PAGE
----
Barring a deal with the UAW during contract talks next year, the Lordstown area stands to suffer the most severe economic consequences among the latest group of communities GM could abandon. As with Janesville, many jobs in surrounding Trumbull County are at least indirectly tied to the plant, whose relative isolation means it’s the largest — in some cases the only — customer of many nearby suppliers.
“The recovery process is painful, and there is no easy, quick or singular solution,” said James Otterstein, economic development manager for the Rock County Development Alliance in Wisconsin. “Plus, the recovery will not resolve underlying socioeconomic issues that already exist. Therefore, not everyone will experience the recovery’s lift in the same manner.”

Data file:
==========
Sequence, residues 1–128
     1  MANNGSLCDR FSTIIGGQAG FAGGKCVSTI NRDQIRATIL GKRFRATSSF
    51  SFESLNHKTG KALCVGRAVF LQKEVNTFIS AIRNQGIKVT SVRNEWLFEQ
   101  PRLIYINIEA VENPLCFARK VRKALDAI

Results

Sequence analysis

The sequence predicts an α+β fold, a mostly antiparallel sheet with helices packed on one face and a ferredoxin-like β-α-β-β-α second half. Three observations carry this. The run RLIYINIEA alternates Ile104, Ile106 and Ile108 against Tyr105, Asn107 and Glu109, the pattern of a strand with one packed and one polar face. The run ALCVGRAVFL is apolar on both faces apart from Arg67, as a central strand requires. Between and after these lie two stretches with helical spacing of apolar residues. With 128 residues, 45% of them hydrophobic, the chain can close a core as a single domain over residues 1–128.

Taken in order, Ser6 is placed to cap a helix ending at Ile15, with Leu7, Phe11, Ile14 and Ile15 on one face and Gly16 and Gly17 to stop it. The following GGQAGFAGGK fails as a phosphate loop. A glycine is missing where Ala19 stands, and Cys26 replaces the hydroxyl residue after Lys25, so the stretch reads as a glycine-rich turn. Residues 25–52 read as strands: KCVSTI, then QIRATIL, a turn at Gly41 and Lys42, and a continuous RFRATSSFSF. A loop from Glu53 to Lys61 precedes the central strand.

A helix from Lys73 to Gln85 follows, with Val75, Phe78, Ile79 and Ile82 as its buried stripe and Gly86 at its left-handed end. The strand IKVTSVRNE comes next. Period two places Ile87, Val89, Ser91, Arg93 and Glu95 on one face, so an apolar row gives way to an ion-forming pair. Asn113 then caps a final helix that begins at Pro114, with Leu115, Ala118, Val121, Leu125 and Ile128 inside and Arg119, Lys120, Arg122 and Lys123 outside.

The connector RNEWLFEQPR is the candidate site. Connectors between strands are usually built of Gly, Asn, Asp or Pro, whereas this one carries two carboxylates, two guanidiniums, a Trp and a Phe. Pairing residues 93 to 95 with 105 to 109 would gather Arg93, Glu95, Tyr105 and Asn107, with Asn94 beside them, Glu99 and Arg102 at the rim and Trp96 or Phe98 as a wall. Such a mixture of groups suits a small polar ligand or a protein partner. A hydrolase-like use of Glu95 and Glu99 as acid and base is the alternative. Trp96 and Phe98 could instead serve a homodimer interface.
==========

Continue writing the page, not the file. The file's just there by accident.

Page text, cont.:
Otterstein said communities experiencing the kind of job losses that Janesville did need to be “strategic, yet realistic” in executing a plan to fill the void. “Rather than attempting to reinvent the wheel,” he said, “find out what’s worked in other locations and then rightsize it for your community.”
Lordstown officials will undoubtedly look to Janesville for guidance as they prepare for life after GM. That 500-mile separation that made the plants feel like they were in two different worlds a decade ago turned out to be not far at all.